Candidates’ Plans Take a Back Seat in Meltdown Coverage

A side note to the financial meltdown, noted today in the New York Observer. The news coming out of Washington and Wall Street has blown election coverage off the map, at least temporarily:

During the week of Sept. 15-21, overall coverage of the economic crisis actually surpassed coverage of the presidential race across a broad swath of American media, according to a weekly tracking study by the Pew Research Center’s Project for Excellence in Journalism. It was only the second time all year that something had displaced the election as the week’s top story (the Russia-Georgia conflict was the top story the week of August 11-17).

This, as both Barack Obama and John McCain have struggled to capitalize on the crisis, each using it to bolster their respective cases for change and issuing general ideas about how they would repair markets.

But in the end, financial and business reports haven’t really cared much about how McCain and Obama would address this crisis, since it’s not them who are going to fix it:

“I think both of these campaigns are beside themselves with how—behind the scenes—how unimportant they are,” said [Steve Liesman, a senior economics reporter for CNBC]. “I got an angry note from one of McCain’s people saying, ‘McCain came out with this plan on Friday to solve the problem. …’ Like, who cares? What I care about right now is what’s going on behind closed doors across town here at Capitol Hill.”

The story this week is Congress, Henry Paulson and Ben Bernanke. Reporters only care about McCain and Obama insomuch as one of them, when president, will inherit a dicey economic situation — one likely neither of them had prepared for.

“How they can handle that—given that [the U.S. government] is now in the insurance, financial and housing business—is crucial,” [said Alexis Glick, the vice president of business news for the Fox Business Network and host of Money for Breakfast.] “If you’re not listening to what the next president of the United States thinks in terms of a plan or a strategy or who their economic brain trust is, you’re probably missing the boat here.”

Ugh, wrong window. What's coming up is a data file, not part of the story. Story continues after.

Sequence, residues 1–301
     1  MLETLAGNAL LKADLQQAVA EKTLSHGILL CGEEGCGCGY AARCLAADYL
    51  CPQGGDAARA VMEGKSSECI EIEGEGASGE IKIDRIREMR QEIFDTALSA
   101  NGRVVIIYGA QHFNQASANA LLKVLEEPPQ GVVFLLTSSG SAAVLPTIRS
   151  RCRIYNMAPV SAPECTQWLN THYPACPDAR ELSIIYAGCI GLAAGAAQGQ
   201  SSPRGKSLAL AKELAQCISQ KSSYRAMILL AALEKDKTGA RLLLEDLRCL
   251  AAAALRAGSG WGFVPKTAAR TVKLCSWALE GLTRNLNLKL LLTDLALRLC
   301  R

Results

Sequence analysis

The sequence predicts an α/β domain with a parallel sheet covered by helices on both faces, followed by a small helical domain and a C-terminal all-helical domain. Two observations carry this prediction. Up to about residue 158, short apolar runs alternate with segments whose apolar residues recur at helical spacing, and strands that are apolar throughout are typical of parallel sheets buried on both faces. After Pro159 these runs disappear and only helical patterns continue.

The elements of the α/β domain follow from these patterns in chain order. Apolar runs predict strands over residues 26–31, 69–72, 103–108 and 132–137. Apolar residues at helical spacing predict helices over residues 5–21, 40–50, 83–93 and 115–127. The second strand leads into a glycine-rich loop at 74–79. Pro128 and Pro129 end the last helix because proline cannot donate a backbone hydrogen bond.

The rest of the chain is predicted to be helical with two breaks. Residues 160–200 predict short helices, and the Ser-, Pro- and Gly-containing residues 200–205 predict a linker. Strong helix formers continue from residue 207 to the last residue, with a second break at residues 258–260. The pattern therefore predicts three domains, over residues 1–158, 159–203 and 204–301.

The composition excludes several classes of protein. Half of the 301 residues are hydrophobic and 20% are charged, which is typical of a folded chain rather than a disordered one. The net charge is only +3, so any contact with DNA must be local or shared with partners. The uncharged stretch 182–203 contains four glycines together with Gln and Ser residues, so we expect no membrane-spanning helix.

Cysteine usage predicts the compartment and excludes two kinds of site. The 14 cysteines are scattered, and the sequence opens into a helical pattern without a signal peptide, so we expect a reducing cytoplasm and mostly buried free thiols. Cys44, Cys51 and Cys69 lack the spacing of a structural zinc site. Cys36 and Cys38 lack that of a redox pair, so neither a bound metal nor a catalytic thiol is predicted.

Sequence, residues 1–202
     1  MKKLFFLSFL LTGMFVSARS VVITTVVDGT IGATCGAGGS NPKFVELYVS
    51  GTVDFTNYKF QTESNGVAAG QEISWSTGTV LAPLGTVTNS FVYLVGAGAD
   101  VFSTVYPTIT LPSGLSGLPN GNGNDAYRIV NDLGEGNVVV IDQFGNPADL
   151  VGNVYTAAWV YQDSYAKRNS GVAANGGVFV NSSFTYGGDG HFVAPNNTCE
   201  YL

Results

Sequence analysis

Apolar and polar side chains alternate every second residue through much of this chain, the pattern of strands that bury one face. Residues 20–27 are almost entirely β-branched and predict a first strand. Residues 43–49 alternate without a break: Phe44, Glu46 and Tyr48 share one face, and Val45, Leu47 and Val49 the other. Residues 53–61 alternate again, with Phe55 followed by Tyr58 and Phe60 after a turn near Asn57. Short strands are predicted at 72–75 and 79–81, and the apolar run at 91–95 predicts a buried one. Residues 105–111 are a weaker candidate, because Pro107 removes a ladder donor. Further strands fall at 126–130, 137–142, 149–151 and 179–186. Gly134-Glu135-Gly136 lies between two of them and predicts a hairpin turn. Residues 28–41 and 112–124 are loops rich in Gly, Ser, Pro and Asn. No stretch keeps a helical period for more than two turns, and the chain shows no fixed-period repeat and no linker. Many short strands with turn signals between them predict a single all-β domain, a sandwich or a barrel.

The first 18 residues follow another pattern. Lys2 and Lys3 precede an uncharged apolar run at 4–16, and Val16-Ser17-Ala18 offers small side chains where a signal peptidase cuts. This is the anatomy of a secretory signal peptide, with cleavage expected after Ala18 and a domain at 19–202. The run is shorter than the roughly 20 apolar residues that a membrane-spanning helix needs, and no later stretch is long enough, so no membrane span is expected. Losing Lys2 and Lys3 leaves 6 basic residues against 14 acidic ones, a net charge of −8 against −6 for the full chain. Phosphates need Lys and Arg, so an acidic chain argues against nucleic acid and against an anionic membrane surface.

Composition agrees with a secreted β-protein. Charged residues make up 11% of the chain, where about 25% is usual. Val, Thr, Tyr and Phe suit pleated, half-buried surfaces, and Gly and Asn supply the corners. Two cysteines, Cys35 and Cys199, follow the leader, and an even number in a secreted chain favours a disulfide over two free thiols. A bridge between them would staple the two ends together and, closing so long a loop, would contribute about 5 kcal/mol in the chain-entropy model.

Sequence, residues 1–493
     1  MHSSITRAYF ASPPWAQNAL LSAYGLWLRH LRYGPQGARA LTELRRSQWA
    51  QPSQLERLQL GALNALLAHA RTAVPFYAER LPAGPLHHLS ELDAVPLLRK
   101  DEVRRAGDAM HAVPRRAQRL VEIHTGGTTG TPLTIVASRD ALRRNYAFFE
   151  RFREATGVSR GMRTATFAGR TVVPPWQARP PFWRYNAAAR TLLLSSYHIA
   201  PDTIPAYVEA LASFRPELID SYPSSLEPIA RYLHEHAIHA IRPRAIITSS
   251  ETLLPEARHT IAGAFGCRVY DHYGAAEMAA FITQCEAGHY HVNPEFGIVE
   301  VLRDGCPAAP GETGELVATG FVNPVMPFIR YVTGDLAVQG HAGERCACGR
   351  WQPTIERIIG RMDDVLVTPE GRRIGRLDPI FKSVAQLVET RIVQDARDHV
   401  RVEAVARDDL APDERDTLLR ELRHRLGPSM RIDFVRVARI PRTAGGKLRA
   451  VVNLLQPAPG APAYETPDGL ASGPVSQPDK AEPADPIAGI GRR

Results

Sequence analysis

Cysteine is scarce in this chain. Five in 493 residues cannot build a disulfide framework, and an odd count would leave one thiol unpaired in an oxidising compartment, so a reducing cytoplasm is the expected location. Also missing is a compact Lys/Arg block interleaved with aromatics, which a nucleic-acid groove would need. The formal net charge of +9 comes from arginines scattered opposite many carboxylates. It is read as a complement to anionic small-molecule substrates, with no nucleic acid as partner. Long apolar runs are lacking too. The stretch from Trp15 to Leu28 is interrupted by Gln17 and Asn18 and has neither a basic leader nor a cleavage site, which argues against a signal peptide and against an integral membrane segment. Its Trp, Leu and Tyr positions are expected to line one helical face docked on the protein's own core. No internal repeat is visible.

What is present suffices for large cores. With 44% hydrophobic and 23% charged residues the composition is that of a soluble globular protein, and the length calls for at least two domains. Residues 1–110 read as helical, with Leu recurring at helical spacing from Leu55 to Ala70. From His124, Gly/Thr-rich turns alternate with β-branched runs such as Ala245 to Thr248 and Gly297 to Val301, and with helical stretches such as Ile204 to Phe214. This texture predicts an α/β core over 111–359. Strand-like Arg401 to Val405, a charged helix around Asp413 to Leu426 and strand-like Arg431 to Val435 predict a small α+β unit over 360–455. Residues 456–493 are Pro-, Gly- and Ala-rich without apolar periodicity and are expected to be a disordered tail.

Of course, the press might perk up if both candidates, along with Democratic vice presidential candidate Joe Biden, actually interjected themselves into crafting a solution in their roles as U.S. Senators. As it stands, McCain and Obama are scheduled to be 1,000 miles away from the action on Friday, when the bailout plan is likely to come to a vote, preparing to debate in Oxford, Miss.

It appears unlikely either will cast a “yea” or “nay” on the bailout plan.


2 Responses

  1. The American people have zero confidence in the honesty or integrity of Congress, who are plotting our fate as we speak.

    The Candidates seek power, the office, election, with no regard for what follows other than getting the office, at this point would not risk obtaining the office for the fate of the nation, and short of that, have nothing of value to voice.

  2. […] I’ll note a a point from my blog post this morning on how the candidates, and their plans for dealing with the financial crisis, were being largely […]

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